The South China Sea simmers with renewed tension as China deployed its most advanced amphibious warship, the Type 075 landing helicopter dock, near the contested Sabina Shoal.

This deployment, as reported by USNI News on Tuesday, June 18, follows a two-month standoff between Chinese and Philippine forces in the area and marks a significant escalation in the regional power struggle.

Shadow of the Type 075

Satellite imagery first captured the warship’s presence on June 12, casting a long shadow over the already tense situation.

The timing coincides with a recently enacted Chinese law empowering their Coast Guard to detain individuals deemed to be trespassing in their claimed waters for up to 60 days.


This move has sent shivers down spines across Southeast Asia, raising concerns about the future of freedom of navigation in the crucial waterway.

Flashpoint: Sabina Shoal

Sabina Shoal, a speck of land just 72 nautical miles (83 miles) from the Philippine island of Palawan, represents a critical flashpoint in the ongoing territorial dispute.

The Philippines considers it well within its exclusive economic zone (EEZ), a vital fishing ground and a potential source of undersea resources.

China, however, claims the shoal as its sovereign territory, a stance vehemently contested by Manila.

Tensions flared in April when the Philippine Coast Guard vessel, BRP Teresa Magbanua, anchored near the shoal to deter what they claimed were Chinese attempts at land reclamation.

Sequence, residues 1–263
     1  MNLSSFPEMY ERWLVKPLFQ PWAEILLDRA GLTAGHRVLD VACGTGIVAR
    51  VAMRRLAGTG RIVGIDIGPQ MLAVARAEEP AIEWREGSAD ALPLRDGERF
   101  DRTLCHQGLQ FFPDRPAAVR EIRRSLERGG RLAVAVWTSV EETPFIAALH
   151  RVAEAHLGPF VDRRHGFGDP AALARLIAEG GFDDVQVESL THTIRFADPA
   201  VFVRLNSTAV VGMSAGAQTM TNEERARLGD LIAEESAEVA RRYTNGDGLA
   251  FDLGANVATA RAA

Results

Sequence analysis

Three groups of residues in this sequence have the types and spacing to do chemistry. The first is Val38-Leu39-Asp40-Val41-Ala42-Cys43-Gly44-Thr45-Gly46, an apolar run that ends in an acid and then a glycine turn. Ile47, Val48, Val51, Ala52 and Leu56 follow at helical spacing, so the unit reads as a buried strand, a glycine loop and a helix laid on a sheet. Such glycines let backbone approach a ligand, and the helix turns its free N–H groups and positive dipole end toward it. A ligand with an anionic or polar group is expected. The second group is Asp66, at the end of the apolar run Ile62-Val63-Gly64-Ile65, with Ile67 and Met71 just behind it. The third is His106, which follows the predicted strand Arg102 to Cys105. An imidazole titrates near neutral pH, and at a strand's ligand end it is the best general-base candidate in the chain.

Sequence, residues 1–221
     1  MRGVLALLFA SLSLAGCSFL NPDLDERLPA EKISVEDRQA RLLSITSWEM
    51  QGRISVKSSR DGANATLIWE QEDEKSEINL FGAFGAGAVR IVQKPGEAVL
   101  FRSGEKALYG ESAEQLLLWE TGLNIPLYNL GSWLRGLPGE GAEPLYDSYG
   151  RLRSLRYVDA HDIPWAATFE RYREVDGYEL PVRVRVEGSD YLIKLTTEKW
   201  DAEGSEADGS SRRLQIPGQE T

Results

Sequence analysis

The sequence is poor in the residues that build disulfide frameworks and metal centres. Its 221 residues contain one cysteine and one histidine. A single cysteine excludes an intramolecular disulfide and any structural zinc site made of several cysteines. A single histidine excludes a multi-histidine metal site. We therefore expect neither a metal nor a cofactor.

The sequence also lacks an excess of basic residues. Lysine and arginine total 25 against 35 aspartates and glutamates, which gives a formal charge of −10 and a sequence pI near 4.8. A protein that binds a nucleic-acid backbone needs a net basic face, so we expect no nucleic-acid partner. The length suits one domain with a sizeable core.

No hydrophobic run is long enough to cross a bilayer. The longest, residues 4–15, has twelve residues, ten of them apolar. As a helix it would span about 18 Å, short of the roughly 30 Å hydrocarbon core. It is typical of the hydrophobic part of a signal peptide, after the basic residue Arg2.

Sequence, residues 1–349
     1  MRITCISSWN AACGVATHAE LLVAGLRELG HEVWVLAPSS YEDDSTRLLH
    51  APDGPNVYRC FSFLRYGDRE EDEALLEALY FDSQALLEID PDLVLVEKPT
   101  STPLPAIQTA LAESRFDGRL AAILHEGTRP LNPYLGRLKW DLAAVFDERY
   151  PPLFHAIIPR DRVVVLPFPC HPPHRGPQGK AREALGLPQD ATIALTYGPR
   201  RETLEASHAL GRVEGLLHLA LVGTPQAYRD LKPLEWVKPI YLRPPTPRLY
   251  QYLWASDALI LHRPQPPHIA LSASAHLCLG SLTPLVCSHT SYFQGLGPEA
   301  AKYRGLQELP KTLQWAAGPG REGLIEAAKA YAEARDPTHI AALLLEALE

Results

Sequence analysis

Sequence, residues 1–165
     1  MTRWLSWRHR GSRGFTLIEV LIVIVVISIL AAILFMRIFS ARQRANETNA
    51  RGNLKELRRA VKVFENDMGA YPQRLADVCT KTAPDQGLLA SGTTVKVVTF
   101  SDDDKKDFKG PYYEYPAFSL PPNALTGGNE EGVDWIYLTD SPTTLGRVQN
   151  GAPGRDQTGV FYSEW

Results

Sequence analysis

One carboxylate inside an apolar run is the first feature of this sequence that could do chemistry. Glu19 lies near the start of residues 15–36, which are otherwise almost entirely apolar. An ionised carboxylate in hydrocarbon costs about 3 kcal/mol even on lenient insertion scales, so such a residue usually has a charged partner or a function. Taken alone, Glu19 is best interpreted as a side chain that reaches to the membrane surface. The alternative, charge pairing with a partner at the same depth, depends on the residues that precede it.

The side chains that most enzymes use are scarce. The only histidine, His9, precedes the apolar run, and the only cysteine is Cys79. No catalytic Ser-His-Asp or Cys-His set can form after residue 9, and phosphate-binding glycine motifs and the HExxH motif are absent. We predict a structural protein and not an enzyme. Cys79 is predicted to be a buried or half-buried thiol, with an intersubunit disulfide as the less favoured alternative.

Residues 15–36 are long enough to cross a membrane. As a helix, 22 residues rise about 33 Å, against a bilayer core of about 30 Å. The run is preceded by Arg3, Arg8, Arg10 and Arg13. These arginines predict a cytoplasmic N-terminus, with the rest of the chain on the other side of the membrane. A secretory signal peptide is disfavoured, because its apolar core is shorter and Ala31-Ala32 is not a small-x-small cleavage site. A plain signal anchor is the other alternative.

Beijing, unsurprisingly, dismissed these claims as “sheer rumors.”

Show of Force: The Type 075’s Message

Analysts view the deployment of the Type 075, a 36,000-ton behemoth capable of transporting up to 1,200 troops and a formidable arsenal of amphibious vehicles and helicopters, as a calculated show of force by China.

Ben Lewis, a Defense Analyst specializing in the People’s Liberation Army (PLA), told USNI News that the arrival of Type 075 provides Chinese forces with a “significant capability” to uphold their expansive maritime claims and demonstrates “Beijing’s resolve to continue to assert its sweeping territorial claims” in the South China Sea.

From Standoff to Injury: A Grim Reminder

This aggressive move follows hot on the heels of the most serious encounter between the Philippines and China to date.

A tense standoff at Second Thomas Shoal just days ago resulted in a Philippine service member being critically injured and multiple vessels sustaining damage.


The incident served as a stark reminder of the fragile peace in the region and the potential for a full-blown military confrontation.


The ramifications of China’s recent actions extend far beyond the immediate dispute at Sabina Shoal.

The deployment of the Type 075 sends a chilling message to other claimants in the region, including Vietnam, Malaysia, and Brunei, who also have contested territories within the South China Sea.

It’s a calculated move to intimidate and coerce these nations into submission.

An Uncertain Future: Diplomacy or Conflict?

The international community is watching with growing unease.

The United States, which has long maintained a strong naval presence in the region to ensure freedom of navigation, is likely to respond by bolstering its own deployments.

This could lead to a dangerous game of tit-for-tat between the world’s two superpowers, further escalating tensions in an already volatile region.

The future of the South China Sea hangs in the balance. China’s aggressive actions threaten to disrupt the fragile peace and stability that has prevailed for decades. Whether diplomacy can prevail or if the situation descends into open conflict remains to be seen.

One thing is certain – the stakes in the South China Sea have never been higher.

Disclaimer: SOFREP utilizes AI for image generation and article research. Occasionally, it’s like handing a chimpanzee the keys to your liquor cabinet. It’s not always perfect and if a mistake is made, we own up to it full stop. In a world where information comes at us in tidal waves, it is an important tool that helps us sift through the brass for live rounds.